Hurt Nepali boy wiped tears on me: SAF military medical expert
SAF military medical expert recalls her experience during Nepal relief efforts
The scene in Nepal was one of blood and gore, but it was the tears that got to her.
Military Expert 1 (ME1) Shorini Dhurgha, 24, was deployed by the Singapore Armed Forces (SAF) to Nepal for 12 days as part of relief efforts.
It was the military medical expert's first overseas mission in her two years of service.
"There was this 12-year-old boy who was brought to us with a large 7cm cut from his knee to his shin," she recalled.
"I was just standing there as the doctor stitched him up and he started wiping his tears on me. All I could do was put my arms around his shoulders and comfort him."
It did not help that the boy's father was standing outside the mobile medical clinic and shouting.
"I told the translator to get the father away from the area," she said.
"He was upset that the boy had got injured. The shouting, along with the injury, was making the boy even more scared."
When the stitching were finally done, the boy thanked ME1 Shorini and the team. She did not see him again.
It was the experience that touched her the most while in Nepal, where the SAF deployed 38 personnel, comprising a medical team as well as staff from the Changi Regional Humanitarian Assistance and Disaster Relief Coordination Centre (RHCC).
The team returned on a Republic of Singapore Air Force C-130 aircraft yesterday to their families at Paya Lebar Air Base.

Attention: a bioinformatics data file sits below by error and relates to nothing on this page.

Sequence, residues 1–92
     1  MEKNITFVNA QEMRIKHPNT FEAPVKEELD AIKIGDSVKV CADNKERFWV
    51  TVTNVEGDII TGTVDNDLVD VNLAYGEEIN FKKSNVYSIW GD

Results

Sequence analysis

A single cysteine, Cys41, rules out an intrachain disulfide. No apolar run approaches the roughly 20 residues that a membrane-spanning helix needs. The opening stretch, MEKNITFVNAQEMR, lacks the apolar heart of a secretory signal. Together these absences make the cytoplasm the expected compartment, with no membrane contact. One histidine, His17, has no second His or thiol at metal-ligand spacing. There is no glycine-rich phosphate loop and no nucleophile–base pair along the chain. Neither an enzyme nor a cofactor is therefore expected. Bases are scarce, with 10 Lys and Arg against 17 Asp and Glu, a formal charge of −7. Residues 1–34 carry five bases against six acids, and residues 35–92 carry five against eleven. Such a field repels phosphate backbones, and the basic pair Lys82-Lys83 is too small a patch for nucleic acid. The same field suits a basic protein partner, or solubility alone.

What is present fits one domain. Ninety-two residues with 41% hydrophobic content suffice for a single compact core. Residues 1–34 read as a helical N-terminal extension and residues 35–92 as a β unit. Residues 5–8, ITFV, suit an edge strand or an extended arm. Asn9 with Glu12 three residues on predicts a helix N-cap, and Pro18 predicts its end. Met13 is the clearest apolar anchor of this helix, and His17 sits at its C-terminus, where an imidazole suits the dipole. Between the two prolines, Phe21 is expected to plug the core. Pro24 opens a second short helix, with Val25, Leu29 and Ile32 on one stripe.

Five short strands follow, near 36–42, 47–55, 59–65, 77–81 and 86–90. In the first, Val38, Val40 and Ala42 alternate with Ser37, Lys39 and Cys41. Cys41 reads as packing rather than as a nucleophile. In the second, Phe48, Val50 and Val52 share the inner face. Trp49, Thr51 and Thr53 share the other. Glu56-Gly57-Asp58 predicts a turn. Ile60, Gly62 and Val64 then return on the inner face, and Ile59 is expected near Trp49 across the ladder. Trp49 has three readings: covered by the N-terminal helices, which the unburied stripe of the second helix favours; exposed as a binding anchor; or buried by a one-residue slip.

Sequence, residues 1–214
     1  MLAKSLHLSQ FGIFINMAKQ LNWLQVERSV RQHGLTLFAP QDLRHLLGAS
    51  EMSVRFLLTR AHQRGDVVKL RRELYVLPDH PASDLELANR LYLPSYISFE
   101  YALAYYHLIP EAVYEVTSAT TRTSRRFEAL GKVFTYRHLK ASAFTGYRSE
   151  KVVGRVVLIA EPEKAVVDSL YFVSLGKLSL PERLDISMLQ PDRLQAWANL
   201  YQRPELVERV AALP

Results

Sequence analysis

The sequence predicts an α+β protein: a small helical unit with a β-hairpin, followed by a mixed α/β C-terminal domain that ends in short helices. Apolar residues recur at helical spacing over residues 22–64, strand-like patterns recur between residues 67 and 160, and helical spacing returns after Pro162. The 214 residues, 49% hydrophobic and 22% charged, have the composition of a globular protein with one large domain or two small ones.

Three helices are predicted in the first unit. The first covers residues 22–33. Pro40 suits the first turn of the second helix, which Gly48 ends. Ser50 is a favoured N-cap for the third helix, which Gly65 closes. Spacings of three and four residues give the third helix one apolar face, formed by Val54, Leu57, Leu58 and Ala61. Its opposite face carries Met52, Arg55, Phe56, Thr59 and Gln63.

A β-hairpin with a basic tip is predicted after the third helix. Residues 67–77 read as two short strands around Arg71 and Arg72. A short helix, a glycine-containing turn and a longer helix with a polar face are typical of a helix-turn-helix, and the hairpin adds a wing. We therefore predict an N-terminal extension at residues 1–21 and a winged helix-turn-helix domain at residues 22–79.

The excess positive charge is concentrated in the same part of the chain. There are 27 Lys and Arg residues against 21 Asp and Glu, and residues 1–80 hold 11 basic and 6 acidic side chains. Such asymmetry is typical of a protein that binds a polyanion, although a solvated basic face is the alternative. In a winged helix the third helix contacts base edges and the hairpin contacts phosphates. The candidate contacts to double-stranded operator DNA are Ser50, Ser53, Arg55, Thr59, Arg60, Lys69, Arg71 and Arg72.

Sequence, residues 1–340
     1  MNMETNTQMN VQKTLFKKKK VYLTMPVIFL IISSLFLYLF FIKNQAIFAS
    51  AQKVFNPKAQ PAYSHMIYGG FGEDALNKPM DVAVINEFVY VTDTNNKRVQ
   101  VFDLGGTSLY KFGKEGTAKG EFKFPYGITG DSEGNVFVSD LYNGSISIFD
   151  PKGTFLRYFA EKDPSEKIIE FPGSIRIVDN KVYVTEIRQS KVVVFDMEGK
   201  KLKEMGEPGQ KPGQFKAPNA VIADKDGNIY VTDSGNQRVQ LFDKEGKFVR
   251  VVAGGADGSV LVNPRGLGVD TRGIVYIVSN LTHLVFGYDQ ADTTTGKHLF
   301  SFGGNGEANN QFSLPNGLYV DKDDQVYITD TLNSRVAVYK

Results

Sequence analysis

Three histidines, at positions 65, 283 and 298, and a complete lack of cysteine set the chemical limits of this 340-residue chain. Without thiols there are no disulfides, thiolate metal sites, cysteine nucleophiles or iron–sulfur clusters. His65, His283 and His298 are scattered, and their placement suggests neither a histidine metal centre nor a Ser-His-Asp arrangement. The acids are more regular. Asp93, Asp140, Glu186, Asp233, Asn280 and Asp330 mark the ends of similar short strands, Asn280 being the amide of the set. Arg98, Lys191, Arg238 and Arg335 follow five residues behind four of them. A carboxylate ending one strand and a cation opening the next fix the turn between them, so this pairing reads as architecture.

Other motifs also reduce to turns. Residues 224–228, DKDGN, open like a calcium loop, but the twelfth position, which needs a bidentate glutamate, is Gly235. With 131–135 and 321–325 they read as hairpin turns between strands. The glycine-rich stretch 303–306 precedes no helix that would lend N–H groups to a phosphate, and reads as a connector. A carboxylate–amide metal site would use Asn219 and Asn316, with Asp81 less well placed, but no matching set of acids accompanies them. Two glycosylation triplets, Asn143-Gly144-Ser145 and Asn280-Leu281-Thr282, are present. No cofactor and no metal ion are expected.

They had left Singapore for Nepal on April 30 and stayed there for 12 days.
The aircraft has made a total of 11 flights into Nepal since April 26 to transport personnel, equipment and relief supplies, as well as to evacuate 71 Singaporeans and 24 people of other nationalities.
The medical team treated more than 3,000 patients for injuries sustained in the earthquake, disaster-related illnesses and common ailments.
ME4 Tan Puay Meng, 38, also a military medical expert, said even though he was prepared for the situation there, it was a challenge getting the team together. "We were notified and deployed in just two to three hours," he said.
"It is really the professionalism and skills that we have that hold us all together."
Director of Changi RHCC, Colonel Lim Kwang Tang, 49, added that it was also a challenge to coordinate relief efforts on the ground.
He described how several medical teams were sent to the same place, which did not optimise resources.
"Our biggest learning point is that operations like these are definitely going to be very chaotic, especially during the initial phase," he said.
"There is a need for a common platform for all of us (from the different countries) to share information so that we can better optimise the resources that are available and to render assistance as fast as possible to where it is needed."
The RHCC provided their command and control information system, Opera, which allowed them to plot down the real-time locations of all the medical teams.
"We plotted down every medical team into the Opera system. Search-and-rescue teams from the 34 countries were also plotted, real-time. This helped to reduce duplication (of medical resources)," he added.
Minister for Defence Ng Eng Hen received the returning personnel at the air base yesterday.
He said: "I am very happy that Singaporeans have a big heart and when others are in need, they step up. All around, I think this has been a very good mission. We have been able to do what we wanted to do, and of course, we offer our deepest condolences to the people in Nepal."